Jordan, largely dependent on foreign aid and devoid of natural resources, has been plagued by economic woes, with a jobless rate of 18.5 percent and around 20 percent of the population teetering on the brink of poverty as consumer prices rise.

The king’s announcement came after a series of demonstrations calling for the return of Baqura and Ghumar organised by lawmakers, political parties, trade unions and activists.

The move was greeted with joy by many Jordanians.

“The Jordanian people are happy with this courageous decision,” said teacher Mohammed Hassan.

Suad Yussef, a housewife, said it was an “historic moment”.

For Kirk H. Sowell, a Jordan-based analyst for Utica Risk Services, the decision was “the least that King Abdullah can do to play the nationalist card”.

“It is definitely directed at the domestic audience” in a country with “loads of internal socio-economic problems” but “few options in pushing back at Israel,” Sowell said.

Rantawi said that “going back on this decision is impossible” as it would be likely to destabilize the kingdom.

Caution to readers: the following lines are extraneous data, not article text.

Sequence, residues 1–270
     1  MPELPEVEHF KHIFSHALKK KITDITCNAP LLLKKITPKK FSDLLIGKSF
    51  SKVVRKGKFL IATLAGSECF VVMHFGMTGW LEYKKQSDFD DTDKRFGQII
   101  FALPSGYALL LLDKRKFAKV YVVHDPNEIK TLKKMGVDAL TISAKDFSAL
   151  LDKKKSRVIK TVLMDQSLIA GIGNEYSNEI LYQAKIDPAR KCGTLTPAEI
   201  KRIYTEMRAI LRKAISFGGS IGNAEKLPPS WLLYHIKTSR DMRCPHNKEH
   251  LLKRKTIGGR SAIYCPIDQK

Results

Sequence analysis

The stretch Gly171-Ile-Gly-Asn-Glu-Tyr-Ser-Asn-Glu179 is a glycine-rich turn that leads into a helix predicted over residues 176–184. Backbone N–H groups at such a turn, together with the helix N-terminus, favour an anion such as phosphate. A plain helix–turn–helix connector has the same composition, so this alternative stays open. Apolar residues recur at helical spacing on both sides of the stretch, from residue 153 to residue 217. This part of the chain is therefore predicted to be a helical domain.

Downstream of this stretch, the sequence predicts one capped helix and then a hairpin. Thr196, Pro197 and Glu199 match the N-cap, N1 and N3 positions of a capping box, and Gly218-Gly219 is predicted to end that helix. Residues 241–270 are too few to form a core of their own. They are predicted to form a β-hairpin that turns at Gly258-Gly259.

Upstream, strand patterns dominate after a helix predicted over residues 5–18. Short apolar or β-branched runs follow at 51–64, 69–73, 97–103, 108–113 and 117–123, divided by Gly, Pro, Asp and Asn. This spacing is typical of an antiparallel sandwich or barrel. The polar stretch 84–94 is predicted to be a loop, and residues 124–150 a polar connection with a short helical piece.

In June, a parliamentary delegation from the opposition Islamist bloc Al-Islah visited Baqura, where Jordanians need permission to enter.

The delegation was headed by Saleh al-Armuti, who said “the decision is that of the king, the people’s government and the parliament and we strongly support and defend it”.

“We will go further by demanding the cancellation of all agreements signed with the Zionist enemy,” he said.

‘Suicidal choice’

Opinion polls have repeatedly found that the peace treaty with Israel is overwhelmingly opposed by Jordanians, more than half of whom are of Palestinian origin.

The Baqura zone amounts to six square kilometers (2.3 square miles) and Ghumar covers four square kilometers — land where Israeli farmers cultivate cereals, fruit and vegetables.

Rantawi does not rule out the possibility that Israel will “impede the implementation of the Jordanian decision”.

“Jordan could face a political, economic and legal battle with Israel,” he said.

“Netanyahu wants negotiations to extend the agreement, which would be a suicidal choice for Jordan.”

Relations between the two countries have been tense since the killing of two Jordanians by an Israeli embassy security guard in Amman in July last year.

But Sowell said he believes Israel does not have the legal means to challenge the Jordanian decision.

“Israel has means of pushing back on Jordan, by cutting off the water, or not lobbying for Jordan in (the US) Congress as they normally do, but whether they should is a different question,” he said.

Source: Middle East Online.

Link: https://middle-east-online.com/en/what-pushed-jordan-reclaim-land-israel.